Did you know that the forty-second president of the United States of America once owned a Ford Mustang? Indeed, William Jefferson “Bill” Clinton drove a ’67 convertible in the ’80s and until his inauguration in the White House in January 1993.
The year was 1972. The country was ruled by Richard Nixon, and Bill was still a young man studying at Yale Law School, freshly returned from two years overseas at Oxford University in the United Kingdom. His family lived in Hot Springs, Arkansas and his mother, Virginia Clinton Kelley, had married Jeff Dwire — as a third marriage — three years earlier. On the occasion of Bill’s younger brother Roger’s sixteenth birthday, his stepfather offered him a used 1967 Ford Mustang convertible.
The car is powered by a 200ci (T) six-cylinder engine with 120 horsepower and an automatic transmission. The convertible is covered with Clearwater Acqua (W) paint while the interior features white seats.
In January 1977, Clinton was elected Attorney General of Arkansas and then Governor of the state in 1979. During his first five terms as governor, he bought the Mustang from his brother that their father-in-law had offered him. It was the early 1980s and William Jefferson Clinton decided to have the car restored. The interior and exterior were completely repaired.
Clinton resided at the Arkansas Governor’s Mansion at 1800 Center Street in Little Rock. He used it frequently, especially for his commute to work, but especially with his family, for Sunday outings. He is often seen on Route 70, with his hair blowing in the wind, between Little Rock and Hot Springs.
In 1992, the politician ran for president. Throughout the campaign, he was seen driving his Ford Mustang on a regular basis. For the anecdote, on August 19, 1992, friends of his organized a birthday party on the theme of the 50s and 60s in his honor. Hillary, his wife, and Chelsea, his 12-year-old daughter, arrived with the candidate in the Mustang.
On November 3, 1992, the forty-six-year-old candidate defeated George H. W. Bush (370 electoral votes to 168) in the presidential election. He thus became the forty-second president of the United States of America.
Once he takes office in the White House, for obvious security reasons, the politician is no longer allowed to drive a car on his own. Instead, he must be content to sit in the back of an armored limousine. The convertible remained mostly stock, aside from a new Clarion stereo system and a JVC speaker. Clinton then decided to loan his “classic” Ford to the Morrilton Automobile Museum in Arkansas where it will be displayed for many years, until July 2010. The car has a black Arkansas “antique car” license plate with the number 14802.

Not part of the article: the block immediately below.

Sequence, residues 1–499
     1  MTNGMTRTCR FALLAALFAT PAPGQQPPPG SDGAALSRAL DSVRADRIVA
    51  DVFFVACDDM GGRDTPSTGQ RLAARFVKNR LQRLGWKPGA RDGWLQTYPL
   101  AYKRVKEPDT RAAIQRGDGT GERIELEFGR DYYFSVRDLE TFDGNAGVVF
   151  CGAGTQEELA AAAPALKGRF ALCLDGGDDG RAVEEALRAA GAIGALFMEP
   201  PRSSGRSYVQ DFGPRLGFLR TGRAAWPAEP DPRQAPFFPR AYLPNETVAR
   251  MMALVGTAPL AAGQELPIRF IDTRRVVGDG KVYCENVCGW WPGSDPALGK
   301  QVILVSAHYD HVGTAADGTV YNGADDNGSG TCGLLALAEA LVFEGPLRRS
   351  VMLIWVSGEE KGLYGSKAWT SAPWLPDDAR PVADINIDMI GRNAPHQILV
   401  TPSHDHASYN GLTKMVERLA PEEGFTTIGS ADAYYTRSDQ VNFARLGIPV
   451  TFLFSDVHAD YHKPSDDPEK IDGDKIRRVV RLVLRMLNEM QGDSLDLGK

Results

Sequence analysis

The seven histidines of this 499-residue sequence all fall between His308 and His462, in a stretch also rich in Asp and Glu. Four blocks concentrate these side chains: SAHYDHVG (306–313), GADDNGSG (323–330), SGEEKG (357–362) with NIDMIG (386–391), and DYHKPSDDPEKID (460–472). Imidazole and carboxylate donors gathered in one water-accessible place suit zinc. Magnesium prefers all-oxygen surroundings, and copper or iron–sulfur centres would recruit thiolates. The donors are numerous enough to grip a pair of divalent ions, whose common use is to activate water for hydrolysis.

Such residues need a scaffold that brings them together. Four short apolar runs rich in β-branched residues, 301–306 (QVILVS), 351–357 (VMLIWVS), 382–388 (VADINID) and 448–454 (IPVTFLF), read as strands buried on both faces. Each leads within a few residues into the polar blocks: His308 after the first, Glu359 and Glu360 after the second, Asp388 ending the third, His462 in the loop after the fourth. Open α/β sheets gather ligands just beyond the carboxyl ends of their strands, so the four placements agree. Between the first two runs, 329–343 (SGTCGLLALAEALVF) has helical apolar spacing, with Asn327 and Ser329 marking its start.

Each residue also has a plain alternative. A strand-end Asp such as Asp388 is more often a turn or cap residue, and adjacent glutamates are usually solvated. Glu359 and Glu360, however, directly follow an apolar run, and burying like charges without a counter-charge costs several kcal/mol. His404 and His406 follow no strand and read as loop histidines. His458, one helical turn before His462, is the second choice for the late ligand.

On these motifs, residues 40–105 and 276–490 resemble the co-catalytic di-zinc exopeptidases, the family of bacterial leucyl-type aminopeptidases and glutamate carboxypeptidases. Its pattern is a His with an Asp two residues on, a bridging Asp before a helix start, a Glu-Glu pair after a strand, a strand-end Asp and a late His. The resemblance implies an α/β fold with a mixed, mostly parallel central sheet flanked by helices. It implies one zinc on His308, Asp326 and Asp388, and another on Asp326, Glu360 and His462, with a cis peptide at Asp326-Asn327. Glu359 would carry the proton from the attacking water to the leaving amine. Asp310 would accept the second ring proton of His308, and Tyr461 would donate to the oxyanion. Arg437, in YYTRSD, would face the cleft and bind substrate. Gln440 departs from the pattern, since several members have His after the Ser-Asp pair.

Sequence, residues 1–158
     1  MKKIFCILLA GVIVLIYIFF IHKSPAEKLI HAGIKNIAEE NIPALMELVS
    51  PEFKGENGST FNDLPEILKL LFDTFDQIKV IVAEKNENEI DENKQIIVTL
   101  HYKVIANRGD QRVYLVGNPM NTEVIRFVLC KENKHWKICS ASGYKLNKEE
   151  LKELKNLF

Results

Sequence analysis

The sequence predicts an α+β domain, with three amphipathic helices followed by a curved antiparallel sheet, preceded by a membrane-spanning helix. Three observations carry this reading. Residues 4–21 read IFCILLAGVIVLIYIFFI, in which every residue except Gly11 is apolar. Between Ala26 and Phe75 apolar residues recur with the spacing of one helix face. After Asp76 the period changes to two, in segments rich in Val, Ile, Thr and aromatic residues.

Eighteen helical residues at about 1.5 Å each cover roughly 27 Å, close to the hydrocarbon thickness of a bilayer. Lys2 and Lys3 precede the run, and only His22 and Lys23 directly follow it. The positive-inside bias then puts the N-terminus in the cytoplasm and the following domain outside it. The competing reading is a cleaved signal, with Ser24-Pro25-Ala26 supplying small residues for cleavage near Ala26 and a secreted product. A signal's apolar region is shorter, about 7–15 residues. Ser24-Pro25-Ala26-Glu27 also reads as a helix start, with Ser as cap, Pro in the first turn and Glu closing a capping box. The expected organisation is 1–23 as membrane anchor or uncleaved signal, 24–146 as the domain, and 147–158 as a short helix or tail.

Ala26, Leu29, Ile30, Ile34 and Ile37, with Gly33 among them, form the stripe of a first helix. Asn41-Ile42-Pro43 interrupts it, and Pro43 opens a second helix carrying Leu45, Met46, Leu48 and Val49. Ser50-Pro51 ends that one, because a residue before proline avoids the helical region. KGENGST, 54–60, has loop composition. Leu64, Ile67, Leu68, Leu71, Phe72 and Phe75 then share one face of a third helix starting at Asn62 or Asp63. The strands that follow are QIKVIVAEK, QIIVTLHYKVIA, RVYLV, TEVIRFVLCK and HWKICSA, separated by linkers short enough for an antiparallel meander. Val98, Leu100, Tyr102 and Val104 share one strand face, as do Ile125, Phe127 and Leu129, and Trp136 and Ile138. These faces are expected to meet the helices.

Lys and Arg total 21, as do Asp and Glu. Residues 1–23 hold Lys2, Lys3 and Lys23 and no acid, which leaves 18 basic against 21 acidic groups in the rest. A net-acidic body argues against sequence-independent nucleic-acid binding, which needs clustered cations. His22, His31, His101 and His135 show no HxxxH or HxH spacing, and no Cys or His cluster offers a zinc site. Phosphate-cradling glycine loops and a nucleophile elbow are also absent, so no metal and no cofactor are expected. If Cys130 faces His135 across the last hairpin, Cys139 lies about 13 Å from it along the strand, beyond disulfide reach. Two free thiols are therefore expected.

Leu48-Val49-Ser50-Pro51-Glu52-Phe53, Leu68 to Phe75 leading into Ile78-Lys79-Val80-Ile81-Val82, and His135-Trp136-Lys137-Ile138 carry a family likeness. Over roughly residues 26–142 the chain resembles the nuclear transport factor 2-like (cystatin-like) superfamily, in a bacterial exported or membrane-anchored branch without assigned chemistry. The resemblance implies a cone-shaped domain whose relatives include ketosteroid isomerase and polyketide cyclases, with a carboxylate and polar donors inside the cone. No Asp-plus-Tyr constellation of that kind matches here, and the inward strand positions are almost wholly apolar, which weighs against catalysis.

In 1993, the president declared (with humor) about his Mustang:
“It was the thing that I most regretted leaving behind. The other people who drove on the roads in my home state, however, were immensely relieved.”Bill Clinton (1993)
On October 17, 1994, on the occasion of the thirtieth anniversary of the Mustang, Bill Clinton was invited to Charlotte Motor Speedway by the Mustang Club of America (MCA) and Ford. Hundreds of enthusiasts who had driven thousands of miles in their wild pony had converged in North Carolina. Wearing a red windbreaker with the MCA logo, the President of the United States left the armored limousine to find his own Mustang – which he hadn’t used in two years. Brought back from Arkansas by truck, the car was repaired by Ford mechanics so that the president, who was exceptionally allowed to drive, could do a few laps around his Ford. The outside handle to open the driver’s side door was broken, however, so Clinton stepped over the convertible to sit behind the wheel and drove the 250 yards to the grandstand. He took great pleasure in parading around in the car that used to take him everywhere. On the platform, he is introduced as a “rabid mustanger like the rest of us” by Bill Dillard, the MCA president. Clinton then takes the stage.
Undeniably, the welcome here is warmer than in Darlington, South Carolina, the last time Clinton drove on a speedway. That was on September 6, 1992, when the presidential campaign was at its peak. Clinton had sought to use the “Southern 500” held there as a media prop, but the voices of a few thousand attendees rose to shout “George Bush! George Bush!“
After his speech, Bill Clinton took the time to sign the fender of a Mustang and sat in the driver’s seat of a convertible of the same year as his in the color “Playboy Pink” owned by Rochelle McNeal from Pensacola, Florida.
Later, in a letter to Mustang owners, the president wrote: “As a proud Mustang owner, I know what an important milestone this is,” Clinton wrote in a letter to other Mustang owners. “For many Americans, the Mustang remains a vibrant symbol of the excitement and optimism of the 1960s, when it was first conceived.” (Los Angeles Times, 18th of April, 1994)
In July 2010, Bill Clinton’s Ford Mustang was recovered from the Automobile Museum and sent to a workshop where it underwent a new restoration. It is then shipped to California where it was offered to Tyler Clinton, the nephew of the former president who was celebrating his… sixteenth birthday!
Museum of Automobiles, Morrilton, Arizona (InfoMedia)
A Mustang And a Boy Named Bill (New York Times, Douglas Jehl, April 18, 1994)
In a ‘67 Ragtop, Clinton Joins “Rabid Mustangers”… (Los Angeles Times, John M. Broder, April 18, 1994)
Bill Clinton (Wikipedia)
Bill Clinton’s 1967 Ford Mustang picture (Flickr, Jimmy Smith)
President Bill Clinton’s Mustang Moment (Youtube, King Rose Archives)